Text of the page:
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Coronavirus Pandemic: A Glimpse of Top Bio-Safety Level Lab in Wuhan

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The Wuhan Institute of Virology has been at the center of COVID-19 speculations across the world. Some of the theories say that the coronavirus originated from its lab and that its researchers secretly sold experimental animals in the wet market. CGTN reporter Hu Chao visited the Institute’s top bio-safety level lab and talked to a senior lab official there who dismissed the accusations.

In the outskirts of the city, one can find the Wuhan National Biosafety Lab housed within the Chinese Academy of Sciences.

HU CHAO CGTN “This national biosafety laboratory runs two levels of labs, P3 and P4. The P4 lab, the biosafety level 4 lab, is the top level. And for many, it may seem a bit mysterious. What does it look like and what happens inside? Now let’s find out.”

The letter “P” stands for pathogen, the higher the number after it, the more dangerous the pathogen.

A rating of P4 designates a lab as a maximum-security area. And the Wuhan bio-lab is one of few in the world with such a rating. Its director recalls how it was established.

YUAN ZHIMING Director, Wuhan National Biosafety Laboratory “The SARS outbreak in 2003 exposed weaknesses in China’s public health system. That was when we decided to start building a high-level biosafety lab.”

It was a project between China and France, one that took 15 years to complete. The lab became fully operational by 2018. So why did it take such a long time?

YUAN ZHIMING Director, Wuhan National Biosafety Laboratory “Aside from the technical complexities, we also had to set up relevant management systems and train relevant personnel to ensure safe operations. In 2018, we finally got national accreditation for experimental activities in the lab. This meant that China would have its own lab for research on deadly viruses. And China’s biosafety lab system began to take shape.”

Only qualified personnel are allowed inside the P4 lab, all of whom must have extensive biosafety training and experience.

As visitors, we were granted special access after identity and security checks. With the help of a staff member at the lab, we entered the P4 lab, but found ourselves confined to the hallways due to security requirements.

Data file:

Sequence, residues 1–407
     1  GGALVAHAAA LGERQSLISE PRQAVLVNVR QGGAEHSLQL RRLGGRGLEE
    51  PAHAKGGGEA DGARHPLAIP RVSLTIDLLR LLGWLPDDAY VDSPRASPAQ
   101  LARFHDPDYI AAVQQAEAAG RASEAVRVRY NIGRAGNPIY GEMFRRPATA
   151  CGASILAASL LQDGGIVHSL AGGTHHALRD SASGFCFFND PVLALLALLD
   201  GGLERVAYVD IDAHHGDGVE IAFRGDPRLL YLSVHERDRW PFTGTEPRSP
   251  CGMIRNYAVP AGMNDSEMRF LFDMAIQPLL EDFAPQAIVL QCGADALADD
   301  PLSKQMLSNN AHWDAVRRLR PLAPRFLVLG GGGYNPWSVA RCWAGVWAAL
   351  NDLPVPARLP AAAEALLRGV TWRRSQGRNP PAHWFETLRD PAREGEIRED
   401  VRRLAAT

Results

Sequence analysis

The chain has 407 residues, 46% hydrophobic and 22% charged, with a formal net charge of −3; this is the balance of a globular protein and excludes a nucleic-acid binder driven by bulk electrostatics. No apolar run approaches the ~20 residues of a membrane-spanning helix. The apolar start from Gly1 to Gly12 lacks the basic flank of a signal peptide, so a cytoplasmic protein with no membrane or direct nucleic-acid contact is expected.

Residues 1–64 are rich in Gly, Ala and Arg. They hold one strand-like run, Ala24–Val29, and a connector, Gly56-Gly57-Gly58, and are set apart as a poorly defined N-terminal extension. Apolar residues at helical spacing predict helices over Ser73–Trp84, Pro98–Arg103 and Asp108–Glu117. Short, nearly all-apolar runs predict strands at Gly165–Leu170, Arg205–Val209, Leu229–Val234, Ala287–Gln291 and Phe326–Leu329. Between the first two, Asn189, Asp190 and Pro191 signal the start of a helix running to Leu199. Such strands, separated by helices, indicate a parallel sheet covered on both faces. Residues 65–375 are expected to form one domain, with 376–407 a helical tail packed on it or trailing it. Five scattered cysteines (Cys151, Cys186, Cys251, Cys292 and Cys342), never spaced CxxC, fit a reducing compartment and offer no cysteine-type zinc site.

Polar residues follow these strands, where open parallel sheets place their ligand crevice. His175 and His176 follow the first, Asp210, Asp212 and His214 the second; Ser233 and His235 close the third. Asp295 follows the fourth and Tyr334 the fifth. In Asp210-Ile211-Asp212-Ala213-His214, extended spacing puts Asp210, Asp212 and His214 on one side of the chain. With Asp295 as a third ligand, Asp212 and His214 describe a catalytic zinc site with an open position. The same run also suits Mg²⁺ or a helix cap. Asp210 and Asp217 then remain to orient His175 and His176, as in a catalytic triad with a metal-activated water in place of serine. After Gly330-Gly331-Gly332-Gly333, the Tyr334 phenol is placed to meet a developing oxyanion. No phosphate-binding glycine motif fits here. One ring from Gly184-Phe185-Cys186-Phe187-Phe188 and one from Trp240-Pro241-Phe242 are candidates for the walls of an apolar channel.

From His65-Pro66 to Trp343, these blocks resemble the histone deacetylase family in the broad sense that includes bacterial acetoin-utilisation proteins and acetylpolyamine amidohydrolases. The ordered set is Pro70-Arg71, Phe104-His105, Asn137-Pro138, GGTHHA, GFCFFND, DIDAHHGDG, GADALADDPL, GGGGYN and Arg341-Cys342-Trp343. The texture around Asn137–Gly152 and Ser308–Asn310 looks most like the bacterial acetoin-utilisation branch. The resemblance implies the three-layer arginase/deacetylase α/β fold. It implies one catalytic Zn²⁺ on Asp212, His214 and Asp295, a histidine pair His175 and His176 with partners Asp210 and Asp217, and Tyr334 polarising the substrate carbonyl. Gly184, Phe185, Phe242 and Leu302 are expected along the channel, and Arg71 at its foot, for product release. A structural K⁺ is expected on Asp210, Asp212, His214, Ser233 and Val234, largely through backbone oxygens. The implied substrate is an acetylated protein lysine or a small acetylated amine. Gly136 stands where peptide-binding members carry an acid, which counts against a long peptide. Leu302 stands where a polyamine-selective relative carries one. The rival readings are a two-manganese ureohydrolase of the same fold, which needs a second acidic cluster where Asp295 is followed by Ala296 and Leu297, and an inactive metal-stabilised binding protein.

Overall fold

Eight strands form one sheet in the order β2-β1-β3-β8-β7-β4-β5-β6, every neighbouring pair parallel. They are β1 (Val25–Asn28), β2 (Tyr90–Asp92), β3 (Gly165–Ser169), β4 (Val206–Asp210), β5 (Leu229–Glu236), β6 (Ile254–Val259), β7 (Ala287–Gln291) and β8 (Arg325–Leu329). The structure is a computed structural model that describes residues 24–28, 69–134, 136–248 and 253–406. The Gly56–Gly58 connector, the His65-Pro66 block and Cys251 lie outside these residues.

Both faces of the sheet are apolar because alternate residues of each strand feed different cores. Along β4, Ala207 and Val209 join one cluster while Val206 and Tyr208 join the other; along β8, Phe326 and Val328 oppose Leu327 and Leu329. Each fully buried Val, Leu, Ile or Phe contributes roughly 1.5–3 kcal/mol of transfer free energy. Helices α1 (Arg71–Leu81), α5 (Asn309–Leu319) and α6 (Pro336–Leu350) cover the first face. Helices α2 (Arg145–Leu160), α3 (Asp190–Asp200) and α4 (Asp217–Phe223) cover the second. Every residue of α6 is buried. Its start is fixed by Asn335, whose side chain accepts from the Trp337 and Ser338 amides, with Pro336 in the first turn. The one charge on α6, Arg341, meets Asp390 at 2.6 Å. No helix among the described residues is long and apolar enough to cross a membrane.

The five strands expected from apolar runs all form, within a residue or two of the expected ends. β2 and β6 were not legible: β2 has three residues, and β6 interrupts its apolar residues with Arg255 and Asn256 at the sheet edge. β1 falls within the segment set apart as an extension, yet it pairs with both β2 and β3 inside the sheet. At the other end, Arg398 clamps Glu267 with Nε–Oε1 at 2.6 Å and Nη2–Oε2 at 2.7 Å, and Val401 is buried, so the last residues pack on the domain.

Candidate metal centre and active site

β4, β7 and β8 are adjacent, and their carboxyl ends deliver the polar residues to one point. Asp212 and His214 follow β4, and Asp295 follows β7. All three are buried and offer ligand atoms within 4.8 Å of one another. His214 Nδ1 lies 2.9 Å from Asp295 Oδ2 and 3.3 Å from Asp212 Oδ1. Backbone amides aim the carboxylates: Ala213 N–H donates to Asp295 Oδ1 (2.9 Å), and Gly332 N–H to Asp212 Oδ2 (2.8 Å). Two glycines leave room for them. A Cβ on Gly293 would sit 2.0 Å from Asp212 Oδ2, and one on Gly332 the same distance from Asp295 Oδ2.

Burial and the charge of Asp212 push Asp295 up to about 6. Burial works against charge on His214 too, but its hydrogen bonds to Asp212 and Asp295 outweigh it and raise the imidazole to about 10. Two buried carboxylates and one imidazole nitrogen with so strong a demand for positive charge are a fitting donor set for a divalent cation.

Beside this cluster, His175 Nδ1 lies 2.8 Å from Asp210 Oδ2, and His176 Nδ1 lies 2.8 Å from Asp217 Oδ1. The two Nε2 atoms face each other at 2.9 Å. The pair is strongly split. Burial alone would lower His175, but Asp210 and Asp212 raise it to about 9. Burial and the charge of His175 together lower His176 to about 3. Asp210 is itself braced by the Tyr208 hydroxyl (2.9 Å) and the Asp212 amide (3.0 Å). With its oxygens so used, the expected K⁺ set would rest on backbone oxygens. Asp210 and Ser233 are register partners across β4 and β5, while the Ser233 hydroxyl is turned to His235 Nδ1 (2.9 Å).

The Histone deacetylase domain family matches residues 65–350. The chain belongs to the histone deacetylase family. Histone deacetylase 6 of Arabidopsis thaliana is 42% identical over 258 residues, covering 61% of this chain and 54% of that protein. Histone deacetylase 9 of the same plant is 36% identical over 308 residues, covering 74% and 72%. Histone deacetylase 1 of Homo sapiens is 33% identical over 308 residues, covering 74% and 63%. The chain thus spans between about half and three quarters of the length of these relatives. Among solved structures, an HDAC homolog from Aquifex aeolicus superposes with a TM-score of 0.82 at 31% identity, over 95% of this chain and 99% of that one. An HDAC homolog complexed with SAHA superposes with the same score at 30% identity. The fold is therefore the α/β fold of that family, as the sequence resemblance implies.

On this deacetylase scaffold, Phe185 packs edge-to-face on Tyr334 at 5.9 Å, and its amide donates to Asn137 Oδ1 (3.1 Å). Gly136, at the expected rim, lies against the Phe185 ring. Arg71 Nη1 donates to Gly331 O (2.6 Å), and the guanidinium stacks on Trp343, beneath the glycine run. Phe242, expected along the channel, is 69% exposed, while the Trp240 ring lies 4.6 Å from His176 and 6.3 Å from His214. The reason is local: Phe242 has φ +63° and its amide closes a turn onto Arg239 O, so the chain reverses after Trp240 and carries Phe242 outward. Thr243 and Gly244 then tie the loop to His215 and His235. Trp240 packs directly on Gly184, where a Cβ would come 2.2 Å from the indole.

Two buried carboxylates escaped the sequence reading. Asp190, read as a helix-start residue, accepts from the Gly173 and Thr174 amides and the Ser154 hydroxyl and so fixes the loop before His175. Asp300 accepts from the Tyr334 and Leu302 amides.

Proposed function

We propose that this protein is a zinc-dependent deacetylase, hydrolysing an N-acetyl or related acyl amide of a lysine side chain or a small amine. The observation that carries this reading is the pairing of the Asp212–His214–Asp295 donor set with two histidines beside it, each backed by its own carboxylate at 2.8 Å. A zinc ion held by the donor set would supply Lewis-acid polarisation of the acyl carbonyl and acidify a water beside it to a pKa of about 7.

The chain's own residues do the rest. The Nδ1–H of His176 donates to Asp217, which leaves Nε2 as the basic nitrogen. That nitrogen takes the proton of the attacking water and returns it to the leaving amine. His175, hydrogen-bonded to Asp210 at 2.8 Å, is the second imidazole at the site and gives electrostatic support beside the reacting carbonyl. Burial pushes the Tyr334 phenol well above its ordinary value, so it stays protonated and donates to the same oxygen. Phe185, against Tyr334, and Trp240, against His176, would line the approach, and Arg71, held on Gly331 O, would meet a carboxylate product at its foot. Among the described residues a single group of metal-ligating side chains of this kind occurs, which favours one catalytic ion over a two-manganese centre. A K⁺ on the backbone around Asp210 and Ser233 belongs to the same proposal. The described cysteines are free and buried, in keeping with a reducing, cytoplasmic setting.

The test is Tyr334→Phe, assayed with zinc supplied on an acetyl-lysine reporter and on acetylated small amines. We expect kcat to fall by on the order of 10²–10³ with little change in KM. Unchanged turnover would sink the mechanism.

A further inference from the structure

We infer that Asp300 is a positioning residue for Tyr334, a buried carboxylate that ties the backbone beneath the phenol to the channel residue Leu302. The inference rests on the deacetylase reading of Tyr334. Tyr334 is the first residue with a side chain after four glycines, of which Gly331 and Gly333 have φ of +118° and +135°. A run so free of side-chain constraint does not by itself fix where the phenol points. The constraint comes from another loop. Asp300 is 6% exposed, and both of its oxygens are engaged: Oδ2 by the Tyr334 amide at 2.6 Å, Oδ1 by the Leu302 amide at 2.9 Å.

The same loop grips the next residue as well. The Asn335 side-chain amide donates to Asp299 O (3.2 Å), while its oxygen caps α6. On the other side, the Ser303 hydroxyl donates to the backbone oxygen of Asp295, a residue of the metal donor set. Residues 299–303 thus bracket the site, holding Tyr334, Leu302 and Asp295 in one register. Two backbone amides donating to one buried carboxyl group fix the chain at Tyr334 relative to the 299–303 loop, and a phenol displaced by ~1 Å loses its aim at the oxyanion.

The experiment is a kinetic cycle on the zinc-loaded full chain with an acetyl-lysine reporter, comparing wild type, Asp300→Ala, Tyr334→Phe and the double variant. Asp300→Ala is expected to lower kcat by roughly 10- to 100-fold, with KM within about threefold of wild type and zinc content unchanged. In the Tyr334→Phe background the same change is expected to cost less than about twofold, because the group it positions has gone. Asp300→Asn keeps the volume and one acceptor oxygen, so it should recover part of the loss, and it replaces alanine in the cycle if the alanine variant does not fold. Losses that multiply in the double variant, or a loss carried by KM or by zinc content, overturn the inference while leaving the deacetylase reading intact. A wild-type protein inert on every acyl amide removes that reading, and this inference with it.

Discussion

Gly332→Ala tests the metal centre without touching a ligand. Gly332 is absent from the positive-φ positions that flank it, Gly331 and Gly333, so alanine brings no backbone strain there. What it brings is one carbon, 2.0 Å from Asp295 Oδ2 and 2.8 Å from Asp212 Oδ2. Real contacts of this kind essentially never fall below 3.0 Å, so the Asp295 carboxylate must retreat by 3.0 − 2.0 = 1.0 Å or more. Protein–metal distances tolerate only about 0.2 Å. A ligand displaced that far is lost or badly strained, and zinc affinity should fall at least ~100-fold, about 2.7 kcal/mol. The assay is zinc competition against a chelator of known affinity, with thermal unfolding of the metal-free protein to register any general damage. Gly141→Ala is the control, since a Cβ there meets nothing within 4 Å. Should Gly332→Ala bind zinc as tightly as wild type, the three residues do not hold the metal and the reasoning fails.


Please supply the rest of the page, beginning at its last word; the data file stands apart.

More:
YUAN ZHIMING Director, Wuhan National Biosafety Laboratory “A P4 lab comes with a biosafety platform to ensure researchers are safe from the pathogens they work on and that the pathogens stay within the lab. We have a complex system for electricity, air filtration, emergency shower, automations, fire safety and life support. All these facilities work to ensure a negative-pressure confined space.”

The P4 lab is mainly used for research on deadly viruses, especially those without a known cure or a vaccine. It can take nearly half an hour for each person to enter or exit the lab.

Personnel must wear positive-pressure suits, which feature hoses for breathable air. All waste items will undergo biosafety disposal and sterilization via high temperature and pressure facilities.

YUAN ZHIMING Director, Wuhan National Biosafety Laboratory “Without authorization, not even a mosquito can sneak into the lab and none of our researchers can take even a drop of water or a piece of paper out of the lab. So, when some people speculated that we might take the experimental animals out to sell or that these animals might escape from our lab, they actually had no idea about the management and operations of our lab.”

A comprehensive safety check is conducted every year. The lab’s compound covers an area of more than 3,000 square meters. Its core area is over 1,000 square meters.

YUAN ZHIMING Director, Wuhan National Biosafety Laboratory “In fact, the lab is like a box within a box. People might envision it as a secretive black box. But as you can see, it’s a very open and transparent lab. People from the outside can see what goes on inside and vice versa. We hope to make it a platform for international exchanges and to see more foreign scientists come to work in our lab.”

Expectedly, Yuan gave his two cents on the theory that COVID-19 originated from the Wuhan lab.

YUAN ZHIMING Director, Wuhan National Biosafety Laboratory “Our lab has been operating safely and in compliance with regulations and laws. There have been no accidents of pathogen leaks or human infections. An outbreak and pandemic caused by any infectious disease is bound to be the focus of public attention. Because of the fear and feeling of helplessness and also the lack of information, many people would naturally link an area’s outbreak to its nearest lab. As they learn more about the situation and the lab, rumors will gradually dissipate.”